Fighting parking tickets
There are numerous strategies for fighting private parking tickets. The one you should choose depends on numerous factors, including:
- Where the ticket was issued
- Who issued the ticket
- Whether you were driving
- Why the ticket was issued
- And many more…
Here we look at the various options and consider the pros and cons of each. Please bear in mind that these are the views of this author and you would be advised to do your own independent research and consider getting professional legal advice. You may use this information at your own risk.
Complain to the shop and/or land owner
One of the most straightforward ways to get a ticket cancelled is to complain to the landowner or leaseholder of the land (e.g. the shop or restaurant). The agreements they have with the private parking companies allow them to cancel tickets (possibly at some cost to them). Usually your value as a customer is worth more to them than the cost of cancelling the ticket, so often they will cancel them. The lesson here is that you should go and speak to the manager of the shop or the owner of the land and ask them to cancel.
The other thing to bear in mind here is that they need to hear from customers that these private parking companies have a detrimental affect on their business. These companies use social media, so why not Tweet or Facebook them and tell them how you don’t like being unfairly ‘fined’ whilst spending money with them?
The ‘secret’ genuine customer clause
Some private parking agreements are known have secret ‘genuine customer’ clauses (discussed more here). This means that if the person appealing claims to be a customer, and can provide evidence (e.g. receipt), then they will cancel the ticket. Clearly this is not fair in all cases – i.e. where you went shopping and decided not to make a purchase on that particular day – you are still a genuine customer. But, if you can use this to your advantage, then include a statement in the appeal to the parking company that you did spend money and can prove it.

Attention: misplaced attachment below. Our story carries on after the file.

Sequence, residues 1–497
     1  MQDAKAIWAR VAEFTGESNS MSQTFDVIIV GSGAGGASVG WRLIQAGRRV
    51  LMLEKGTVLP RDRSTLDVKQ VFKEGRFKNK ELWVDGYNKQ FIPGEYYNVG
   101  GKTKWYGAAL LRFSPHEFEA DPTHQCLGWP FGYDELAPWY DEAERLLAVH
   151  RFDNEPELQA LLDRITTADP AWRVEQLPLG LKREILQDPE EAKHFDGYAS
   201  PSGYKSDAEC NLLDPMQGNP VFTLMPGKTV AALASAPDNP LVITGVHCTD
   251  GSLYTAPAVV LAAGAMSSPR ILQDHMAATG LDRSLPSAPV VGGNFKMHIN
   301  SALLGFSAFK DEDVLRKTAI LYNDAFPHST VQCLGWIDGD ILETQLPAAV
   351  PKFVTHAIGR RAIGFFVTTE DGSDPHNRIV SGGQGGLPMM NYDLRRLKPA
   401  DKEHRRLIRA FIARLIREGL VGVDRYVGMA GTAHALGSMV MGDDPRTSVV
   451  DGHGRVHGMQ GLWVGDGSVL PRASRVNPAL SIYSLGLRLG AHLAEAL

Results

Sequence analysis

In our Keeper Liability article, we have a detailed guide on what a parking company must do to enforce keeper liability. Quite often parking companies fail to follow the rules for keeper liability – for example:
- They apply for the keepers details too late / early
- The notices don’t contain the specified information (e.g. creditor)
Whenever you receive a ticket (Notice to Driver) or letter (Notice to Keeper) you should check it against the Keeper Liability checklist and identify any failures. If you do identify any, write back to the parking company and state: “You have failed to meet the keeper liability requirements as stated in Schedule 4 of the Protection of Freedoms Act 2012. Specifically you have failed to: [insert specific details]. As the keeper of the vehicle, I decline to provide the name of the driver at the time. Since you have not identified the driver I request you to cancel this charge immediately”.
When using this approach, make sure you don’t give them time to correct their mistake. So for example, if they didn’t identify the creditor on the Notice to Keeper, and you told them so, then there’s nothing to stop them re-issuing the Notice to Keeper as long as it’s within the allowed time (14 days from the event). The guidance here is to send the letter no earlier than the 15th day after the event so that it cannot subsequently be corrected.
Play the game and appeal to the independent appeals service (e.g. POPLA)